Vol. 13, No. 3, Pg. 16. Understanding the new and improved UCC Article 9.

Author:By Randy Lowell
 
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South Carolina Lawyer

2001.

Vol. 13, No. 3, Pg. 16.

Understanding the new and improved UCC Article 9

16Understanding the "new and improved" UCC Article 9By Randy LowellThe Uniform Commercial Code Article 9 provides a structure for securing interests in personal property and fixtures (i.e., collateral) created through a contract. In an effort to update and improve the article, a drafting committee was formed in 1993. In 1998, the revised article was approved by the American Law institute, with subsequent amendments in 1999 and January 2000.

The era of Revised Article 9 (RA9) dawned on Soutlr Carolina and the vast majority of states on July 1, 2001. S.C. Code Ann. §§ 36-9-101 to 369-709. (By January 1, 2002, all states and the District of Columbia will follow RA9.) While following the same general approach of the former enactment of Article 9, substantive changes have been made, and pitfalls aboinid for counselors unaware of these changes. This article aims to highlight and explain some of the most significant changes, with the caveat that every individual situation is unique and will require a review of RA9.

18As a matter of reorganization, RA9 contains seven parts: Part 1, General Provisions (S.C. Code Ann. §§ 36-9101 to 36-9-110); Part 2, Effectiveness of Security Agreement (S.C. Code Ann. §§ 36-9-201 to 36-9-210); Part 3, Perfection and Priority (S.C. Code Ann. §§ 36-9-301 to 36-9-342); Part 4, Rights of Third Parties (S.C. Code Ann. §§ 36-9-401 to 36-9-409); Part 5, Filing (S.C. Code Ann. §§ 36-9-501 to 36-9-527); Part 6, Default (S.C. Code Ann. §§ 36-9-601 to 36-9-628); and Part 7, Transition (S.C. Code Ann. §§ 36-9701 to 36-9-709). The new UCC forms required to be filed in South Carolina can be obtained from the Secretary of State's office and its Web site. www.scsos.gov/forms.htm.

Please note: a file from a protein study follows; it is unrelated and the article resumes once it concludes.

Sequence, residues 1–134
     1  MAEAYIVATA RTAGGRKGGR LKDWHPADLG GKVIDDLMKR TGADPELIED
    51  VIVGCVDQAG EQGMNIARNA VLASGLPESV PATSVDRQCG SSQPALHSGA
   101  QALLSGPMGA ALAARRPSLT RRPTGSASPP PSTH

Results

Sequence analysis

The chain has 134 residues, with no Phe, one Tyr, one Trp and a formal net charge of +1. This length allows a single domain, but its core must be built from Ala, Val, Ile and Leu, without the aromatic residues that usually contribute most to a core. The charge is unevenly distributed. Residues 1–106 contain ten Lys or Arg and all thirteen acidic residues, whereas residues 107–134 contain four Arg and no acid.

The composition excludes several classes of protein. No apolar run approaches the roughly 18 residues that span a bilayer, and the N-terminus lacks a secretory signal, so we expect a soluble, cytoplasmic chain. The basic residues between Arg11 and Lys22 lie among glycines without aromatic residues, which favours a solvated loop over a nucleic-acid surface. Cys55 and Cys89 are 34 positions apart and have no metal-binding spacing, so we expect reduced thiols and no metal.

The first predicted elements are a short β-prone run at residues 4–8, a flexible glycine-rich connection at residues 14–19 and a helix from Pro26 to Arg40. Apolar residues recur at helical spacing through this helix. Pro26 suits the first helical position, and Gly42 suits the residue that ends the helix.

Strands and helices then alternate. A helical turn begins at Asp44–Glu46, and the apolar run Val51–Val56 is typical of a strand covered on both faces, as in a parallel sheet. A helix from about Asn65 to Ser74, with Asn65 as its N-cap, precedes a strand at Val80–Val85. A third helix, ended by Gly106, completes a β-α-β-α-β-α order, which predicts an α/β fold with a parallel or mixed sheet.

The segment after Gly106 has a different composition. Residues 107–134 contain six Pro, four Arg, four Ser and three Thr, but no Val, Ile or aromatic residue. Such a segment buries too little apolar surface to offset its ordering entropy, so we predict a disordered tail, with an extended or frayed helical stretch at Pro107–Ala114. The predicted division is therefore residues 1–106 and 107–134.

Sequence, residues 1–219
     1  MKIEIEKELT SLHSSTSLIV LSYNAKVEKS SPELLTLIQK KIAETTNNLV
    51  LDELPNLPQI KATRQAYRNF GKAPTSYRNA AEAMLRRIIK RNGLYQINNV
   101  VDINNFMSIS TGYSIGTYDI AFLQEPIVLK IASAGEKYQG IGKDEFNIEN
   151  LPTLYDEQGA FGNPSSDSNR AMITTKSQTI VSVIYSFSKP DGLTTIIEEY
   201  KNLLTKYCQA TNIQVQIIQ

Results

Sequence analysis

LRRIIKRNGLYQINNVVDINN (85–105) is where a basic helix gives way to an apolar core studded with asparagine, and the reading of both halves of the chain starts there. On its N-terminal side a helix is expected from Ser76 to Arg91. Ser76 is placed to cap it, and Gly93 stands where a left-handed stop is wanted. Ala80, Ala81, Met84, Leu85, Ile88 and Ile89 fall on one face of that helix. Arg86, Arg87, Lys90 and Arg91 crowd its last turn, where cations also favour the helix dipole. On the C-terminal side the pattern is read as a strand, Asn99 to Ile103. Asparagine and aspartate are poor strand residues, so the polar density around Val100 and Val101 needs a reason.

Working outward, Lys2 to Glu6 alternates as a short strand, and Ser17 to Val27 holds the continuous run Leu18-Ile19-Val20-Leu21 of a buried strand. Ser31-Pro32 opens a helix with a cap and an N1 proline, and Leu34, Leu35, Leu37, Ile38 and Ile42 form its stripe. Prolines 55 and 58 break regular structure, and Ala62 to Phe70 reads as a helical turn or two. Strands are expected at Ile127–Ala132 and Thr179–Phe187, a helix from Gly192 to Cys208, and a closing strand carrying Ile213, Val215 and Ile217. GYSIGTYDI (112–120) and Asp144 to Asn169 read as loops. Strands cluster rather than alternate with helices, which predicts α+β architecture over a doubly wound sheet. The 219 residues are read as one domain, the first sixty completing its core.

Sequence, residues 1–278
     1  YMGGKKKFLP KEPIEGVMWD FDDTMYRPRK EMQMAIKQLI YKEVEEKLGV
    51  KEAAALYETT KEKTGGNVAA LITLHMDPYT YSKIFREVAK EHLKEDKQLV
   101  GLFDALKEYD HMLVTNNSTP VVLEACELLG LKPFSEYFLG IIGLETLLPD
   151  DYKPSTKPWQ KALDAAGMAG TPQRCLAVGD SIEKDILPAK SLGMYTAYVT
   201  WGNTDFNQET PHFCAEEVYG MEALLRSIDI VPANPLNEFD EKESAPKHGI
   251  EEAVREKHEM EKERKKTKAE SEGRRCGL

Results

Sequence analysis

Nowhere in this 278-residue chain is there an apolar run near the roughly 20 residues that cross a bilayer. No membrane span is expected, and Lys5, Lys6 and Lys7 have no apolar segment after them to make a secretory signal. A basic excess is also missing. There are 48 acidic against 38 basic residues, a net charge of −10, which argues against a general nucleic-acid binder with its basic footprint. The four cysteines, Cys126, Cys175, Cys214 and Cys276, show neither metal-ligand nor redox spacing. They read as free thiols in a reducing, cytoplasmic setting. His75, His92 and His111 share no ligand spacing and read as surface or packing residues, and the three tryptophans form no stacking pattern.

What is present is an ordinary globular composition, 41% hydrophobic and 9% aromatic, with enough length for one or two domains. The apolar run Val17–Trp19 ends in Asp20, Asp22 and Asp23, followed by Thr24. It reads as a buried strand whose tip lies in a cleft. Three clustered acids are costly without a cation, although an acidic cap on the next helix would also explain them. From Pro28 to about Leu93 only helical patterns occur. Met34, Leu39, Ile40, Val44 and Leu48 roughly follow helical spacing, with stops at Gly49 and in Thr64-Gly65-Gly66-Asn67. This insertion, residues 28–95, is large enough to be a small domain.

Expanded Coverage

The scope of RA9 has increased by both expanding the definitions to include more and narrowing the exceptions to exclude less. The definition of accounts, for example, has been expanded to include all payment rights, including credit card receivables. The tort claims exclusion has likewise been narrowed to allow a secured interest in commercial tort claims. S.C. Code Ann. §§ 36-9102(a)(13), (d)(12). Another important development is that a secured party need no longer specify proceeds as collateral, as proceeds are automatically included and perfected under RA9.

The sale of a payment intangible or promissory note is now included within the scope of Article 9, and the buyer automatically perfects with the transaction, even without possession. S.C. Code Ann. §§ 36-9-109(a)(3); 36-9-309(4). While not required to perfect, possession is highly recommended because a subsequent purchaser who took possession would have priority. Loans fall under the purview of RA9 as well. Instead of having to parse what consignments are covered as required under old Article 9, the new rule is simple. All consignments are covered. The definition of chattel paper has also been refined in RA9 and is now subdivided into a new category of electronic chattel...

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